PF Or didn't ruin the world, depends on your perspective, but so much is about how you talk to the computer. And then it's not just how you talk to people. It's like, do you understand their systems and their priorities and their motivation and it becomes critical at a certain point that you can have that empathy for the person from marketing or the person from the community team or whatever, right? Like it just the thing is, is I almost said it's hard to teach, but it's actually teachable.
BP Alright, yeah, let's kick it over to the lifeboat. This is awarded two days ago to Miki: ''how to get color palette from image using opencv'' It says ''I'd like to extract the color palette of an image similar to this, I need to extract specific colors and then display the percentage of the area covered by that. How can I reduce the number of colors and get the color palette?'' Got a great answer here from Miki. The question is closed. But you know what? That doesn't mean the knowledge doesn't exist on Stack Overflow for you to enjoy.
PF It's nice to see people helping each other.
SC Yeah, that's great.
BP Alright. Anything else you want to chat about?
PF Let me shout out a couple Python libraries that were just, just were great this weekend.
PF Old favorite argparse, built in parsers command line arguments, APSW for talking to SQL lite, which is just where I dump all the garbage in my brain when I'm working. And then good old itertools, can't beat itertools and more itertools which get you to a power set. So you can look at every permutation which made it easier to find some anagrams. And lastly, let me just throw out Flask can't go without Flask in terms of setting up a teensy tiny website to mess with your stuff. And then you just going to like dump it all into the world Google Cloud Platform in like 15 minutes and have a working website in the world that costs about 12 cents a year.
BP Any anagrams that you found that you had? Hit me with some hard anagrams.
PF No, the problem is they all suck. [Ben laughs] They're not funny or interesting. But you know, I did learn a lot about recursive function. So that made me feel good.
BP Technically anagrams, but not interesting or funny.
PF Sara, let me ask you, is there anything like for me when I write a good tight recursive function that's, you know, that does what it's supposed to do, it's the only time I feel good about myself as a programmer, so like, I'm just like, ''Yep, that's right. That's how they do it at MIT'' Is there anything for you where you're like, ''yeah, that's that's how it's done.''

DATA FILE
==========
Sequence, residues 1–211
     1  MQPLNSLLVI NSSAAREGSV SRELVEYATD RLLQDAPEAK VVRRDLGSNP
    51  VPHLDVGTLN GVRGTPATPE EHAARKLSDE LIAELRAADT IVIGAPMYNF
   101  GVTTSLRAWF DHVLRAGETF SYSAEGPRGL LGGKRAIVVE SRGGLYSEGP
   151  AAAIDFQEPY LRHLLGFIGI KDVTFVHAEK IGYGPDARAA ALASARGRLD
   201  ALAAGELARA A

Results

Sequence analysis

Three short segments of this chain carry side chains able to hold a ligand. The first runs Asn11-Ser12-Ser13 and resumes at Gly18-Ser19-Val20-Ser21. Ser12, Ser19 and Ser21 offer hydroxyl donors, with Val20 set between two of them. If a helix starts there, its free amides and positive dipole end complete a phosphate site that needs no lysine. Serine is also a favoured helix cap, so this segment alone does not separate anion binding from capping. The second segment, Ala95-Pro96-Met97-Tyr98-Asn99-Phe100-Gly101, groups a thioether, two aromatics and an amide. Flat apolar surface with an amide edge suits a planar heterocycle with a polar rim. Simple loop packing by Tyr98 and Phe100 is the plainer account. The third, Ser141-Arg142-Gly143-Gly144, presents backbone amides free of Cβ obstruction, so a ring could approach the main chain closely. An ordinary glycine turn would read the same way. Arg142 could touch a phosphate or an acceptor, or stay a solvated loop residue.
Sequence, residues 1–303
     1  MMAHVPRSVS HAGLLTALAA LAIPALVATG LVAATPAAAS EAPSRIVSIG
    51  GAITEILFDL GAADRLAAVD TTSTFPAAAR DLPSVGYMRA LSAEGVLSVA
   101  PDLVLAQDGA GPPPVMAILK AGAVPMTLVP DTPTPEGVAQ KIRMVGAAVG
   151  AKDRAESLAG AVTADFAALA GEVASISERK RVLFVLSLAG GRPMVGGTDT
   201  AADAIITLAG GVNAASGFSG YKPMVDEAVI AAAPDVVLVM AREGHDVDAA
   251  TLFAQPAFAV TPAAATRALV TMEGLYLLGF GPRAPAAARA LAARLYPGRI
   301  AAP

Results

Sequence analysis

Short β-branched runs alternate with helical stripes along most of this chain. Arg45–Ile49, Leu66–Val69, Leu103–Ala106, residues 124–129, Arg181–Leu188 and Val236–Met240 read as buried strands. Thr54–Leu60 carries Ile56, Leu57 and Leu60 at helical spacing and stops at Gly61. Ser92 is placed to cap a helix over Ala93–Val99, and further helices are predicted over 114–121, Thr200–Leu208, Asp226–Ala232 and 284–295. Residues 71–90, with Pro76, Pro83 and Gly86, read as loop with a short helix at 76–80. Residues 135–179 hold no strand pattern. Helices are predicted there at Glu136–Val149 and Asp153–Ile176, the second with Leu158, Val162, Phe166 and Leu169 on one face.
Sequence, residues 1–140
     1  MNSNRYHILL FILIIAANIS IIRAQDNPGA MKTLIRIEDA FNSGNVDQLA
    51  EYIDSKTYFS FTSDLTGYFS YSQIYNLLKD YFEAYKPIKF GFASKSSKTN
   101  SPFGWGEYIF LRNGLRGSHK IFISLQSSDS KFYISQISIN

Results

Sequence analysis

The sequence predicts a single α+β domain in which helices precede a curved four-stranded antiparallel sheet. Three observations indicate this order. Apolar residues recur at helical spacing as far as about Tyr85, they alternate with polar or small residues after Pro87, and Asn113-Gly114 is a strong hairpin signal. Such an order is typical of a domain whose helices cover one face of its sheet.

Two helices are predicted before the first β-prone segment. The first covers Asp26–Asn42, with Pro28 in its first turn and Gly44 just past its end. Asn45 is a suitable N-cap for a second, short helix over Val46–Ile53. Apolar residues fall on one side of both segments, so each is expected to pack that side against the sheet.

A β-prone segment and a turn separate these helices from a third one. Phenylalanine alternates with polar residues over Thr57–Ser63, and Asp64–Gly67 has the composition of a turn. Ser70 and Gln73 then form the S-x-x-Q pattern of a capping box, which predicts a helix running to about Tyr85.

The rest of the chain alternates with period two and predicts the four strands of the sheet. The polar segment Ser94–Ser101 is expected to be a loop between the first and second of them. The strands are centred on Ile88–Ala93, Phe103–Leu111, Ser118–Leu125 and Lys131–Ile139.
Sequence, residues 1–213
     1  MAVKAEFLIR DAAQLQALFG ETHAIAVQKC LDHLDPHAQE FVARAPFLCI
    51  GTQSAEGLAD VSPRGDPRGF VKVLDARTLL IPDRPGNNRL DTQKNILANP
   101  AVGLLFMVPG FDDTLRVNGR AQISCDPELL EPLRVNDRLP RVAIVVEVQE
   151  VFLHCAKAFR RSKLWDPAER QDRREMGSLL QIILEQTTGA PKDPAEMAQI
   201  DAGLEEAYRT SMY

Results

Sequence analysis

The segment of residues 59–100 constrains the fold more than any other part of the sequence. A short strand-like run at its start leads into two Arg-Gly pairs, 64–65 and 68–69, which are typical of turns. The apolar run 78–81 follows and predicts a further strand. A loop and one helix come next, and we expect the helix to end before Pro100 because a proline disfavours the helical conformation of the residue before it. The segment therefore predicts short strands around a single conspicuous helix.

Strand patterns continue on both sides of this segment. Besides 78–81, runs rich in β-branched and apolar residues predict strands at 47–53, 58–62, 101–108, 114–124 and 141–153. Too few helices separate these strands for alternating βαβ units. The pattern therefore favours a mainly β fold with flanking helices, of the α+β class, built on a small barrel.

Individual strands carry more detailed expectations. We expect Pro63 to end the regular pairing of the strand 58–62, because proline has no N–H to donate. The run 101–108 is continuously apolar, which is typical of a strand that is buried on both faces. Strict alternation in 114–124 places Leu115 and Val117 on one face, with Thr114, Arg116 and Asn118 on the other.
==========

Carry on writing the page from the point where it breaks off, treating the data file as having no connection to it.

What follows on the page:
SC Yeah, I actually, that bubble was burst last week as well. I really love a really nice, long, sexy ternary statement.
PF Mmmmm, yeah, yeah, like big, deep ternaries where they kind of keep going?
BP I think that's okay.
PF Ternaries are absolutely like, it's like, it's like a code signalling tool for how smart you are. Right, like look, look at me. List comprehensions are the same in Python. And like, literally all the docs in Python kind of scream, like ''use a four loop.'' And it's like ''no, what am I, an animal? I'm a functional programmer. I'm not, I'm not imperative.'' That's literally we're all going like, and then you get older and you're like, ''yeah, use a four loop.''
BP That's okay. There can be stuff you do for yourself on your weekend projects that make you feel good and smart. And there can be stuff you do that works well with others that plays nice with others.
PF Then you come back to it like six months later, and you go, ''What?''
SC Yeah, and you can't even read it. [Ben laughs]
PF ''Who did this? Why?'' And then you feel really embarrassed. You're like, ''ohhhh''
SC ''Did I copy and paste this from somewhere? Where did I get this?''
PF ''Wonder where I could have copied and pasted this from?''
BP Hmmmm. Well, I appreciate it when you find something that gives you joy. And I want to say shout out to all the people who are building for themselves or building for others. Keep checking out the Stack Overflow Podcast. If you want to hear about certain things. Send us an email email@example.com. I'm Ben Popper, Director of Content here and you can always find me on Twitter @BenPopper.
SC And I'm Sara Chipps. I'm the director of community here at Stack Overflow. You can find me on @SaraJo at GitHub. And check out my friend Jeffrey's Kickstarter. It's bitly.com/bookskickstarter.
PF Woo! And I'm Paul Ford, friend of Stack Overflow, and you can find me at my company Postlight.com. We're a strategy and services firm.